Sucrose cryoprotected, fixed, frozen tissue for paraffin

From:Gayle Callis

I've received an unusual request from a PI who wants to have HE sections 
made from some mouse tissues. The mice were perfused with paraformaldehyde. 

The tissues were then treated with 3 changes of 30% sucrose buffer, then 
frozen for cryosectioning. He uses this method for studies of the brain. He 
wants to look at the rest of the mouse to see if there are any other 
manifestations of the mutation he's studying. The tissues he has are 
already prepared like the brains (perfused, soaked in sucrose, and frozen). 
We could do HE stained frozens, but I wonder if we can get better fine 
detail if we paraffin embed the tissues. So, my question is, has anyone 
tried paraffin embedding and sectioning fixed frozen tissues such as these,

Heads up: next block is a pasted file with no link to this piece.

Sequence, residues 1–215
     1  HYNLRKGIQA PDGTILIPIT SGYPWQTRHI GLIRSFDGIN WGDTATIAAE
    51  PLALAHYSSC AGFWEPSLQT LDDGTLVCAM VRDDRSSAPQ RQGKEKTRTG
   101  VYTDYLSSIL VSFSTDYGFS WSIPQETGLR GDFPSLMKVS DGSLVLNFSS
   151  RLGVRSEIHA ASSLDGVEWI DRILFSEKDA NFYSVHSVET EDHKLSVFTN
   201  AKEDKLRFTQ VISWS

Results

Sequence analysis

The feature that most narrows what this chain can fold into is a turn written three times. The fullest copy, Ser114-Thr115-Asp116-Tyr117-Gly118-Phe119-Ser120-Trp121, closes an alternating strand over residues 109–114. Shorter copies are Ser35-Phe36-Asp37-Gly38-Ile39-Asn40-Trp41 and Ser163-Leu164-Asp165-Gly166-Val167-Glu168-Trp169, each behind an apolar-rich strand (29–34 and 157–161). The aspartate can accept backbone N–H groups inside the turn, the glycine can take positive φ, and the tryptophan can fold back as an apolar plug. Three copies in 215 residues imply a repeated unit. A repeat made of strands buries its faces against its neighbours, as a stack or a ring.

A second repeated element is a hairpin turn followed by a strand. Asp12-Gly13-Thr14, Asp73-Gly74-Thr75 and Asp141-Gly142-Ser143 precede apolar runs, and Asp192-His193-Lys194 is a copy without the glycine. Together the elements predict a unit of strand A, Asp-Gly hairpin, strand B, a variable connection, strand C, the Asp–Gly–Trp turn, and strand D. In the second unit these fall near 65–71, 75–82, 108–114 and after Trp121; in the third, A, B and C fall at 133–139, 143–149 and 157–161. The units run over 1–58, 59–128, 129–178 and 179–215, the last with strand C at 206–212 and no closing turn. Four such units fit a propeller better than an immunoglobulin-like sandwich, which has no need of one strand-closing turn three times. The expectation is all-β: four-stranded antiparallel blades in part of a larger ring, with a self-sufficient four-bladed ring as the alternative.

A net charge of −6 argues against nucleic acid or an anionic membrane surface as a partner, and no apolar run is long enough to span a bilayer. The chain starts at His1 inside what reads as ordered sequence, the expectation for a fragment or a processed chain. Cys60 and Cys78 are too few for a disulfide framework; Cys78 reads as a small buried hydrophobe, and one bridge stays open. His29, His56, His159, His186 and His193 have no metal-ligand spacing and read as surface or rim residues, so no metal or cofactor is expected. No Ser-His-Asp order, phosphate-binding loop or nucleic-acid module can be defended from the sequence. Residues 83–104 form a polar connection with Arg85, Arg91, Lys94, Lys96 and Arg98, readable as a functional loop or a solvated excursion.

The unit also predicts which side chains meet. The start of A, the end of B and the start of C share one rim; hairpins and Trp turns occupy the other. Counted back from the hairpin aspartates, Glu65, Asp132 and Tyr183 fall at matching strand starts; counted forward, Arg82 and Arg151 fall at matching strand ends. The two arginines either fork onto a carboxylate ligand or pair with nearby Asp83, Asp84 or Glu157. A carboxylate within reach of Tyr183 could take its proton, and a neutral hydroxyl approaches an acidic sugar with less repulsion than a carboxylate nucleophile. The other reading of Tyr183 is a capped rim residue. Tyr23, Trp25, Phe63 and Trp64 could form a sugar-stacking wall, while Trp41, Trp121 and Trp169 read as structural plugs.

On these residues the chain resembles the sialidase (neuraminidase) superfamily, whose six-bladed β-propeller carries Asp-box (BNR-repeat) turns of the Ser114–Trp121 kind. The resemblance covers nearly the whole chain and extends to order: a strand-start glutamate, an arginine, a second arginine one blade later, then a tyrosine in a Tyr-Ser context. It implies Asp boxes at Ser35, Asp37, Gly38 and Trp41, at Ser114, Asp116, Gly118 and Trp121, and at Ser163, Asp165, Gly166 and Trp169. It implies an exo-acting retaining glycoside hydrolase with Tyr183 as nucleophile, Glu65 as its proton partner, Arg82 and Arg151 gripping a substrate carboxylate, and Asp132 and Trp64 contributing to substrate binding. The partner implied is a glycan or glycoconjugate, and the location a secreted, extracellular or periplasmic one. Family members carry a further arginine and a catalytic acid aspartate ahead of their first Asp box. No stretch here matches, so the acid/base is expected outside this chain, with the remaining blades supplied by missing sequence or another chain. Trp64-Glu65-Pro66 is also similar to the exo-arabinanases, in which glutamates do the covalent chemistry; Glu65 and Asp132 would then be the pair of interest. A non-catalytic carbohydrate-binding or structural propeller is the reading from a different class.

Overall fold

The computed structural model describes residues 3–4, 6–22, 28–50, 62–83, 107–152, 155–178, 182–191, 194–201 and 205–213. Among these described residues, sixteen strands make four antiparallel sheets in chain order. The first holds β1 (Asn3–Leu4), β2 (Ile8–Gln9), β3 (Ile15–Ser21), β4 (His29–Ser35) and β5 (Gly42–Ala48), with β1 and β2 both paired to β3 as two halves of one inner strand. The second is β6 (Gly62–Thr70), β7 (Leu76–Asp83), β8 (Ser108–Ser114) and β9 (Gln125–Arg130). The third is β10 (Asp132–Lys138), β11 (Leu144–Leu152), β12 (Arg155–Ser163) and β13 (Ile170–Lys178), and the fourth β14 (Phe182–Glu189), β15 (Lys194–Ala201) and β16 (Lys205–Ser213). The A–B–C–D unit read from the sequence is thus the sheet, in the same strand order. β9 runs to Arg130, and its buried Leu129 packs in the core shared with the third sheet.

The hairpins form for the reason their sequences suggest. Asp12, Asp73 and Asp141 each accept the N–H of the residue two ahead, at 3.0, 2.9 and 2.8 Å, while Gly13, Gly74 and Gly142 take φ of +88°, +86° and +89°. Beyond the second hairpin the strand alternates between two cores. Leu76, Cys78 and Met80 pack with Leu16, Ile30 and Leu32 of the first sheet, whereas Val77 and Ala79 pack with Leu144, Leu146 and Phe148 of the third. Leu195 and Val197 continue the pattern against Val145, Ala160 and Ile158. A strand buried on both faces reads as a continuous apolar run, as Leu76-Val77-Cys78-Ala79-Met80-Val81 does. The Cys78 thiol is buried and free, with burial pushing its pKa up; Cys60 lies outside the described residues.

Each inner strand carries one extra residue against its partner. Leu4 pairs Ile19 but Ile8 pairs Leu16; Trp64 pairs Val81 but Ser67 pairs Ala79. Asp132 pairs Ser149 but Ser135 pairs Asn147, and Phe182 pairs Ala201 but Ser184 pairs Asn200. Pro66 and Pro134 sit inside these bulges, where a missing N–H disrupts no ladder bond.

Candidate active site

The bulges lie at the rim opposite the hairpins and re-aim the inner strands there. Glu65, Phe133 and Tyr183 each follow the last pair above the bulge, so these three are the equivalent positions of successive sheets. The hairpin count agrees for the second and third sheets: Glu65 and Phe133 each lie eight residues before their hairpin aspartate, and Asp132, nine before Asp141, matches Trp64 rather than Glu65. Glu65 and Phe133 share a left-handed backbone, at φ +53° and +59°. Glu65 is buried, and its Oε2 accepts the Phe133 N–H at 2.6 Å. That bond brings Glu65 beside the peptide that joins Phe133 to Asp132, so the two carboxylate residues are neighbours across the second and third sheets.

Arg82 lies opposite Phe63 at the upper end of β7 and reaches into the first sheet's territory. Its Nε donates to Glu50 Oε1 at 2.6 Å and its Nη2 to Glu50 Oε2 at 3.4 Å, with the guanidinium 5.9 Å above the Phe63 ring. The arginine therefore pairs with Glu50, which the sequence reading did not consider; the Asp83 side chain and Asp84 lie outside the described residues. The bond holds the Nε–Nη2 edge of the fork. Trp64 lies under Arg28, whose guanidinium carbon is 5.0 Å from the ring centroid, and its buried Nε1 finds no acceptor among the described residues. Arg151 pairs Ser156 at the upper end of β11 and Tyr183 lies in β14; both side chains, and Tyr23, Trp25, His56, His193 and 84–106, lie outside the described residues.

and, if so, was it worth the effort? (I expect we'll have to remove the 
sucrose first.)
First:  Once again, just drop the frozen tissues into the same PFA fixative
(at RT to do the thawing) you used for perfusion, a postfreezing,
postfixation so to speak. The sucrose is so soluble it should be removed in
the fixative.  To insure total removal, a couple of changes?? might be a
good idea, then proceed to paraffin processing.  Once again, you may see
some artifact in tissues as a result of freezing. 

Second: Just cut a frozen section, mount on a plus charge slide, let it air
dry for a short time, and proceed to H&E staining. Personally, I would try
frozen sections then H&E to avoid any thawing, then paraffin processing.
The sucrose comes out in the distilled water rinse just before hematoxylin.
 A gentle touch without harsh rinsing or agitation as fixed frozens
sometimes dislike staying on slides.  

Good luck, let us know what success you have. 

Gayle Callis
Research Histopathology Supervisor
Veterinary Molecular Biology - Marsh Lab
Montana State University - Bozeman
19th and Lincoln St
Bozeman MT 59717-3610

406 994-6367 (voice mail)
406 994-4303 (FAX)


<< Previous Message | Next Message >>